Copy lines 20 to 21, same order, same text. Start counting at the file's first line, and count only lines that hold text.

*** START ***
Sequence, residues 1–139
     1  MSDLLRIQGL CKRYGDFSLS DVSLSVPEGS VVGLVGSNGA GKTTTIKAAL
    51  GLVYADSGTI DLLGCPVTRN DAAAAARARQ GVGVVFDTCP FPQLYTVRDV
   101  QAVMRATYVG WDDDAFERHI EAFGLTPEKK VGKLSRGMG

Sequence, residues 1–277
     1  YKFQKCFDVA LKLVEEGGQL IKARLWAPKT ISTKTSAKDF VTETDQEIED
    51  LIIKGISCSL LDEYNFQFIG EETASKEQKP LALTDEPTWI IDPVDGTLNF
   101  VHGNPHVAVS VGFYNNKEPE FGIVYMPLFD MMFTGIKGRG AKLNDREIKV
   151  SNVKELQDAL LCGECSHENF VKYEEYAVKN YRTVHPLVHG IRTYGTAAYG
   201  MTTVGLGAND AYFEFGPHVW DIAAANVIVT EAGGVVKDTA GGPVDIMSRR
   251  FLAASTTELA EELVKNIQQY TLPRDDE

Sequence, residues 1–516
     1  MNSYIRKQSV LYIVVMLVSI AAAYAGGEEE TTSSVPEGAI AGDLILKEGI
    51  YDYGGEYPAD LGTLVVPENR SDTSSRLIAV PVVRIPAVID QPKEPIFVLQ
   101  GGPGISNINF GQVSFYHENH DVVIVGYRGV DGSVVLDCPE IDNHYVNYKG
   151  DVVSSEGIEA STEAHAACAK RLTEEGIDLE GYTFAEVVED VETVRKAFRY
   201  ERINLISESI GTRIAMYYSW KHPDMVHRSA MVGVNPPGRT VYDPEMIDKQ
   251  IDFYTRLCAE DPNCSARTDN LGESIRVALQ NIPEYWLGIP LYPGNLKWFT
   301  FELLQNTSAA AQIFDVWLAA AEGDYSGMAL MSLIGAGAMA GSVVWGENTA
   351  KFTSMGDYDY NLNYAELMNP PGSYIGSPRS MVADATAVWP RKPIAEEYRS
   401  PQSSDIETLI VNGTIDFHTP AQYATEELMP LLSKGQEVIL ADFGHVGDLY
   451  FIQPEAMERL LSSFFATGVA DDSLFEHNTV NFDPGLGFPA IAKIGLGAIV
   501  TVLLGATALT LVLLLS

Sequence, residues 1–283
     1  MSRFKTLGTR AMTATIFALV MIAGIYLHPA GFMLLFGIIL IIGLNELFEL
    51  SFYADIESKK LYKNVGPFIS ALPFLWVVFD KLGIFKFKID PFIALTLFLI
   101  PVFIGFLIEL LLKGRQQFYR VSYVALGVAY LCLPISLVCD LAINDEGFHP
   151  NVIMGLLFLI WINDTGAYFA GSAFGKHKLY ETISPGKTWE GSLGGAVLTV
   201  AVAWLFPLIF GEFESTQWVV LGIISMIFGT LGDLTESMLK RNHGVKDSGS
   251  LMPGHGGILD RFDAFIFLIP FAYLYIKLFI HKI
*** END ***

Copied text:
   351  KFTSMGDYDY NLNYAELMNP PGSYIGSPRS MVADATAVWP RKPIAEEYRS
   401  PQSSDIETLI VNGTIDFHTP AQYATEELMP LLSKGQEVIL ADFGHVGDLY